Most of the time, each job makes you appreciate the next one. However, more than ever, I've been enjoying recording and playing on great songs in my own studio.

14.What do you like to do when not working with music?



I enjoy hanging out with my family. They are very cool and funny people. 

        Chas needs a new hobby!

I do have a couple of
hobbies that I get casually fanatical about. Cycling is one.
I have a fast road bike and really like riding with groups
of other riders. I've tried
racing a couple of times,
but after the fact, realize
how often those guys crash. Getting hurt doing a hobby
 may not be the thing to do
for a person who tries to
make a living playing guitar.
I still enjoy fast group rides, though. It really bleeds off
any stress that tends to build
up in this business.



Bonus Question: Do you own any real estate?

I own my home, but I'll give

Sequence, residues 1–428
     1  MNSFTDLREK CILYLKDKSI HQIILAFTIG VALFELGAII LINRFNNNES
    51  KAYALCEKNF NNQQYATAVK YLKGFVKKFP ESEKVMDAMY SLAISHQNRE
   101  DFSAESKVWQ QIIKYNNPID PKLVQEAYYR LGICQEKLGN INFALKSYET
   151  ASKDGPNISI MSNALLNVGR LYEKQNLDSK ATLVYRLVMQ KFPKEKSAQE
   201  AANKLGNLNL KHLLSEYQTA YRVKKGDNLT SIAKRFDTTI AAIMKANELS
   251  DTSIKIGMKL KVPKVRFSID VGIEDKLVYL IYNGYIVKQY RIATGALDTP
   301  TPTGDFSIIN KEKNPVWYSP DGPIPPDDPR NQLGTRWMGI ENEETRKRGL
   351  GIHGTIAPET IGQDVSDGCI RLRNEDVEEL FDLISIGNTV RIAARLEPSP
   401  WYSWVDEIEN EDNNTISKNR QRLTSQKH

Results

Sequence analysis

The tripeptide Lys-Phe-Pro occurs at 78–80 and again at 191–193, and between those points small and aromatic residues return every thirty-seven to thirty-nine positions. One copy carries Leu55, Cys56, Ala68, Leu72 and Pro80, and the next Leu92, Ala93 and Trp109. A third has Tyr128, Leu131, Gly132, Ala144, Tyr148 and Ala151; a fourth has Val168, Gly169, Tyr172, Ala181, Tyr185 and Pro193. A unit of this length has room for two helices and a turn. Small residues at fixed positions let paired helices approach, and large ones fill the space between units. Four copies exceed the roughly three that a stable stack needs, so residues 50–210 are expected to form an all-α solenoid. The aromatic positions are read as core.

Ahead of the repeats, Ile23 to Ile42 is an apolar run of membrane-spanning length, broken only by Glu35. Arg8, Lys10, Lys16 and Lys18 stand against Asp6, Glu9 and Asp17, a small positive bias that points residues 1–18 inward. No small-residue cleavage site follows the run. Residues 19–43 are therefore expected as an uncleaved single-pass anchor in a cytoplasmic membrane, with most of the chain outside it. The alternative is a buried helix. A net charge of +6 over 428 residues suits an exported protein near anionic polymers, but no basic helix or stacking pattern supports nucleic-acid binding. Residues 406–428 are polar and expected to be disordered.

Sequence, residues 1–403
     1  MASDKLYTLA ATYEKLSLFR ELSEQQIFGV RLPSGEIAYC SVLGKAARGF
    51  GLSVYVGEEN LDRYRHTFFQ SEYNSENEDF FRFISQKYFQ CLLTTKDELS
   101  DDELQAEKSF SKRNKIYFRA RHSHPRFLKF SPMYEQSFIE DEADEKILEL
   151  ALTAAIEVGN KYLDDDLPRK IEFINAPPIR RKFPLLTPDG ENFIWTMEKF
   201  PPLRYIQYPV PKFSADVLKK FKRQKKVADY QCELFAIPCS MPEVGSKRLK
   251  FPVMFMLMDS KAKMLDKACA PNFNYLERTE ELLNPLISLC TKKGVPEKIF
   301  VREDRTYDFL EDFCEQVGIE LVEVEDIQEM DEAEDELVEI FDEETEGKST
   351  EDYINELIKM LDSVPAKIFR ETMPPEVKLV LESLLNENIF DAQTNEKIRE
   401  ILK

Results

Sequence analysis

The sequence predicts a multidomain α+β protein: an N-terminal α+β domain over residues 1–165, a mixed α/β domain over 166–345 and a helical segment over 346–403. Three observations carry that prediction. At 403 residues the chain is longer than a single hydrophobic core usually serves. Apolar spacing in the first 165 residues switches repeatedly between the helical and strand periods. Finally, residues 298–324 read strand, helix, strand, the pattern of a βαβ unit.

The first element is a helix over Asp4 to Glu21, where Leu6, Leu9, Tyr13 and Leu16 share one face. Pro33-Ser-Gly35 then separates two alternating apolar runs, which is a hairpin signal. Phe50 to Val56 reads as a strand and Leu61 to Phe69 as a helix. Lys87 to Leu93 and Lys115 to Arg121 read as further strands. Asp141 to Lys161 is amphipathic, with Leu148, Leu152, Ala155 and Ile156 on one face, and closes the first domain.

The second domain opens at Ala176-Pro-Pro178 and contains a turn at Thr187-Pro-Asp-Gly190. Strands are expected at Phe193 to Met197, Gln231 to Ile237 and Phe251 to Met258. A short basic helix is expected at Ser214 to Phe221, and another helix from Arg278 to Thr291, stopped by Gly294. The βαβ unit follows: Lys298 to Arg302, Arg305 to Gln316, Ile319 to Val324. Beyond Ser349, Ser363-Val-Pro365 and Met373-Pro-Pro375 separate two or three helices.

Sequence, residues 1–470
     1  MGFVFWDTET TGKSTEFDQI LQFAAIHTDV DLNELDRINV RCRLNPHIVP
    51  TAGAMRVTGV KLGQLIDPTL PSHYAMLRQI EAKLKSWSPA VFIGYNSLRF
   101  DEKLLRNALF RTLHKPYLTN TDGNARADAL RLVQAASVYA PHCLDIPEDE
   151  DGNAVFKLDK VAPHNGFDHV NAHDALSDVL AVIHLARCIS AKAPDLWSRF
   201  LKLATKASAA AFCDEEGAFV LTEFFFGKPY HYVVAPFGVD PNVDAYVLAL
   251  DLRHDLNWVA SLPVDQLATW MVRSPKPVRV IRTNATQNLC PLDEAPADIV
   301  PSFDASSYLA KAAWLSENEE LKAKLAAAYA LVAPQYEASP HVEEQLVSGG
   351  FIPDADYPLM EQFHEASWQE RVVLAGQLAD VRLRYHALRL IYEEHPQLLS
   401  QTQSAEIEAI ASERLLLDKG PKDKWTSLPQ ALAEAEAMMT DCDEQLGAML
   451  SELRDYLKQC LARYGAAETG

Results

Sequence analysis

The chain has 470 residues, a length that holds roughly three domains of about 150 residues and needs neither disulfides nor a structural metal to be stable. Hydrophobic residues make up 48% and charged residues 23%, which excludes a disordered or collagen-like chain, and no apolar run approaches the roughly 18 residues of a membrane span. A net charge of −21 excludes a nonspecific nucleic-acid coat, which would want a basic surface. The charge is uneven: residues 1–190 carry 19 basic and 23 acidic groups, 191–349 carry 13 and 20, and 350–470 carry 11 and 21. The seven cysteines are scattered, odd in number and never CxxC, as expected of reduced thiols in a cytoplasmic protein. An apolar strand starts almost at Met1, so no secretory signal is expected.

you a call if I need to sell it.

 Editor Note: Good Answer!

Chas is one of the nicest people I have ever worked with in all my years in show business, a true gentleman.He is also one of the most talented and creative.
It is always fun to work with Chas in the studio. If your project needs killer guitar or dobro give him a call.
He also can produce a
killer album for all you singers out there. For
all you dobro and music fans I highly recommend any of his solo albums. While mostly instrumentals you can hear Chas' talk/sing on his version of the Johnny Cash hit "Ring of Fire".